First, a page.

Repeaters need to receive and transmit at the same time. The offset needs to be large enough to make it possible for the filters to separate the transmit and receive frequencies.
In my opinion 600 kHz is a very narrow spacing, it results in filters that are enormous, usually six cavities each 150 x 500 mm. Even so, they have several dB of loss in both bands.
5 MHz is much more reasonable, the filters can be made much smaller by helical loading of the coaxial elements inside. This lowers the Q somewhat, but with the larger spacing, it's much easier. A filter for a 5 MHz spacing might be 1/2 the length and diameter, and probably with less loss.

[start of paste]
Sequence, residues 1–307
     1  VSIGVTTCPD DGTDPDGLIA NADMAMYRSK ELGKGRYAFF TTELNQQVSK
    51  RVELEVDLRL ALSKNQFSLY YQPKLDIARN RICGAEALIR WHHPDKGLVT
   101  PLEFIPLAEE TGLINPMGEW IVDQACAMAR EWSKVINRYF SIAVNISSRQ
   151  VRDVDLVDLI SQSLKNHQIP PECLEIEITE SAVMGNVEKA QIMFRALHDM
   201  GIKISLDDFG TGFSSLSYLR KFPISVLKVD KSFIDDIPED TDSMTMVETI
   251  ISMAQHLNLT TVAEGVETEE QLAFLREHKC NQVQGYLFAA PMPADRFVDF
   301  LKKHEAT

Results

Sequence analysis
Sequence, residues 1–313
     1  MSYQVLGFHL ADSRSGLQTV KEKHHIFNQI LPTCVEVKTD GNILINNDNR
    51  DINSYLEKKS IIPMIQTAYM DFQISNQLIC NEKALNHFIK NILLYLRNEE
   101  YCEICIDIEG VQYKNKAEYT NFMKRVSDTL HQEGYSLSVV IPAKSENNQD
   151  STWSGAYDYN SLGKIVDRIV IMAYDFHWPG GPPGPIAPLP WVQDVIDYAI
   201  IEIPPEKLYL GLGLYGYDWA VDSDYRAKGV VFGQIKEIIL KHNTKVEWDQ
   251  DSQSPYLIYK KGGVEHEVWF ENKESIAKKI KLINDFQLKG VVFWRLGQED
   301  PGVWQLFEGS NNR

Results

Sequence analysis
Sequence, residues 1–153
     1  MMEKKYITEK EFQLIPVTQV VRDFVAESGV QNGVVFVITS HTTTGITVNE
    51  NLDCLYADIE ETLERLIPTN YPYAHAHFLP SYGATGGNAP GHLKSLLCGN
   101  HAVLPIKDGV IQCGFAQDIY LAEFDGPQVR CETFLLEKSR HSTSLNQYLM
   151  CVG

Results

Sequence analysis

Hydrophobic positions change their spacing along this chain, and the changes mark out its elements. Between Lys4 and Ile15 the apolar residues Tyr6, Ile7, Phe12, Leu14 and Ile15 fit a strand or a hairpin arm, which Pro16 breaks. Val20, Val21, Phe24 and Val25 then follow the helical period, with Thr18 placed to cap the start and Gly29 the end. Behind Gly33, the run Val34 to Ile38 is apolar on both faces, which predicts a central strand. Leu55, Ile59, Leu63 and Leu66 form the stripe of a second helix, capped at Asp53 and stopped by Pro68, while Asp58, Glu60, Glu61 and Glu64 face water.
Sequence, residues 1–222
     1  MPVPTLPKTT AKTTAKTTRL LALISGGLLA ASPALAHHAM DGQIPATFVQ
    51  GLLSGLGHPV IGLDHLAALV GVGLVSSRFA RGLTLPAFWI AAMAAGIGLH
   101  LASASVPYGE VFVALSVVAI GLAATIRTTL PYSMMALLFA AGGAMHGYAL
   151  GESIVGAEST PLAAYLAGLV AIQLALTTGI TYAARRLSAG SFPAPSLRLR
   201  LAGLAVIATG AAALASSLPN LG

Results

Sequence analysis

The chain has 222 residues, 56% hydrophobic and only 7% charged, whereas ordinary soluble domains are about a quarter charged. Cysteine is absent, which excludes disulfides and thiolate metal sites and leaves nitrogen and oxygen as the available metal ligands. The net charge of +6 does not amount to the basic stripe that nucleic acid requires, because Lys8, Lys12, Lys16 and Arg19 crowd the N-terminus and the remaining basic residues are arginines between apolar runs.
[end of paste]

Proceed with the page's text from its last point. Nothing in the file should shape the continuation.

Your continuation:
Reducing the offset below 600 kHz would be very difficult, the filters would be unstable over temperature changes, and the losses would be enormous.
Now the reason - I suspect - 600 kHz was chosen is because the amateur band is only 2 MHz wide in many countries. 600 allows some repeaters and some simplex traffic, space, etc. Possibly the lower parts of the band (144.0 - 144.5) were already allocated for CW, SSB and so on, so when FM came along, the repeaters needed to squeeze into the top 1.2 MHz.